EDT Celebrity chef dabbles in Scotch $200 whisky from the man famous for $32 burgers Want to see how this story relates to your watchlist? Just add items to create a watchlist now: Add The Dalmore Selected by Daniel Boulud The bottle: The Dalmore Selected by Daniel Boulud , $200 The backstory: We have celebrity chef-branded cookware. And celebrity chef-branded frozen pizza. Heck, theres even a celebrity chef-endorsed antacid . So, why not have a single-malt Scotch that bears a celebrity chefs name? That was the thinking when The Dalmore, a whiskey with roots going back to 1839, partnered with French-born, New York-based chef Daniel Boulud on this limited-release bottle (just 1,000 will be made available, sold through high-end wine and liquor stores as well as eventually through the chefs online store ). Even though he keeps busy running 14 restaurants around the globe, serving a $32 braised rib and foie gras burger, among other dishes, Boulud was actively involved in creating the spirit, working with Dalmore master distiller Richard Paterson on selecting specific barrels to create the final blend, which includes whiskies aged up to 18 years. (But its a mistake to call the final product a blend since all the whisky in it originates from a single distillery.) I wanted a generous, full-bodied whisky, but with aromas of caramel and also some candied orange and toasted praline, says Boulud. Um, who says Frenchmen drink only Cognac? Key stat: Click to Play Daniel Boulud tries his hand at Scotch After months of working with the renowned distillers at The Dalmores, chef Daniel Boulud is offering a bespoke single malt based on the cuisine of his restaurants. Charles Passy joins the News Hub for Weekend Sip. (Photo: AP) The Dalmore (and the brand name always has The in front of it) has gained a reputation for offering some of the worlds most expensive and sought-after whiskies. A case in point: The recently released Richard Paterson Collection 12 bottles of whiskies that date as far back as 1926, packaged together for $1.4 million. That makes the $200 Boulud bottle a steal by comparison. Also see: 10 things celebrity chefs wont say What we think about it: Bouluds whiskey lives up to its heavy promise at least on the nose.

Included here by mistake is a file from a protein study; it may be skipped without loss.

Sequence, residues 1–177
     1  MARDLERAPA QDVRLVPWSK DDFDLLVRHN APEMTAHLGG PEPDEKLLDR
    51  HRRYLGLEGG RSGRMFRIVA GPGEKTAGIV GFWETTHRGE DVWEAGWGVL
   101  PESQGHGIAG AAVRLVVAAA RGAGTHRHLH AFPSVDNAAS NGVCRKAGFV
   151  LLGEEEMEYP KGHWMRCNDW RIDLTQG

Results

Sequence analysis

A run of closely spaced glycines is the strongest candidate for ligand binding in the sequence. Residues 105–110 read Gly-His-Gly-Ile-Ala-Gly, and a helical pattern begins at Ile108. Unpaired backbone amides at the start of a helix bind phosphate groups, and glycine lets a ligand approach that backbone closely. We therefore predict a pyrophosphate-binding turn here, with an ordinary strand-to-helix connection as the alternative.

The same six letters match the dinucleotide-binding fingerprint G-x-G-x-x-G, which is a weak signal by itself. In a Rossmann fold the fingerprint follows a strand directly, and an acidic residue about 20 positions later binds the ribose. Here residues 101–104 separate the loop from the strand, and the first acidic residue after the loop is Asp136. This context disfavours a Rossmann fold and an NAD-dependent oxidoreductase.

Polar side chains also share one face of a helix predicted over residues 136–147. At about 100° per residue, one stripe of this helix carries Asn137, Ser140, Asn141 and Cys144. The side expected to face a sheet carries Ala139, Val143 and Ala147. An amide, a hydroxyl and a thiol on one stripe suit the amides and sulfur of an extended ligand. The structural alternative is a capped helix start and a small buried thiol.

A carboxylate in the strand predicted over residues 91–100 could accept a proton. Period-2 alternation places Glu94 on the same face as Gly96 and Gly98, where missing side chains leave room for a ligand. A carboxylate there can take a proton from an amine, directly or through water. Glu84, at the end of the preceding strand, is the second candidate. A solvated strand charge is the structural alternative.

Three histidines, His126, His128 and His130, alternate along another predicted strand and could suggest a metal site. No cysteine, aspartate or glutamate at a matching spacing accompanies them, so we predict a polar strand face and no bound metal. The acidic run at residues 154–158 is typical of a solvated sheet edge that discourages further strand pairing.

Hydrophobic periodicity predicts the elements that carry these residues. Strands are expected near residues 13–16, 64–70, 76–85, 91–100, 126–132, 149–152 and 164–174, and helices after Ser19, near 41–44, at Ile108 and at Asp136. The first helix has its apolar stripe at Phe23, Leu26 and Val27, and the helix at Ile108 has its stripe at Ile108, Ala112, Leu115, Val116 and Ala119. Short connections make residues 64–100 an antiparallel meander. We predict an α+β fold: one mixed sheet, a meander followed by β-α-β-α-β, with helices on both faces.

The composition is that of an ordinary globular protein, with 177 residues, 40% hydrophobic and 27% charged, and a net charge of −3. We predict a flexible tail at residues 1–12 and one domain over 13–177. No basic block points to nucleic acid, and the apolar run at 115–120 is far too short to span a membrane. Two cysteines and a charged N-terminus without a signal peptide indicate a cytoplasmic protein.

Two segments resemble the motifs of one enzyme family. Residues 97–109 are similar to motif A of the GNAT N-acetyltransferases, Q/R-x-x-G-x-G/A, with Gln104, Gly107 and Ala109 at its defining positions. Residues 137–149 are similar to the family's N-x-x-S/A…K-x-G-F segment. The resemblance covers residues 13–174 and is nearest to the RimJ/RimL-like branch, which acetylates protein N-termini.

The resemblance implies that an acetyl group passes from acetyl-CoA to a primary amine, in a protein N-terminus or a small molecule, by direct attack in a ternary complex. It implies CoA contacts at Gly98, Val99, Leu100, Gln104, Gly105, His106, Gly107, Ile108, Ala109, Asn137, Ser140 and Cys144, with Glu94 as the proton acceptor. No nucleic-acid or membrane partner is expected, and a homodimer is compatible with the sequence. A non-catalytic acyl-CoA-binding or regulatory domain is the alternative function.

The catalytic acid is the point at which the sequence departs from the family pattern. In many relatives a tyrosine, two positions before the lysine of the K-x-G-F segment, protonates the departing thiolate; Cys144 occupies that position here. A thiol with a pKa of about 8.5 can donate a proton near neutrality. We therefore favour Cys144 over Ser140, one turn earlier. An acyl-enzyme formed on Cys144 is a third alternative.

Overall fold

Celebrity Cruises heads to St. Barts

Celebrity will visit Gustavia, the capital of the French island, for the first time in November 2014 with the 2,170-passenger Celebrity Constellation, according to spokeswoman Tavia Robb. St. Barts (also known as St. Barths) is a popular vacation spot for music moguls, supermodels and movie stars, among others. Jetsetters are sometimes spotted (and photographed) on the island’s white-sand beaches, hanging out on extravagant yachts, shopping in designer boutiques, dining in gourmet eateries and lounging at fancy resorts. The island’s claim to fame includes as a location for segments of The Real Housewives of New York City. Celebrity will include the island on three cruises the line said were created with “upscale travelers” in mind. Two nine-day cruises, Nov. 29 and Dec. 14, 2014, are round-trip from Fort Lauderdale and also include calls at Royal Caribbean’s private beach resort at Labadee, Haiti; San Juan; St. Croix; and St.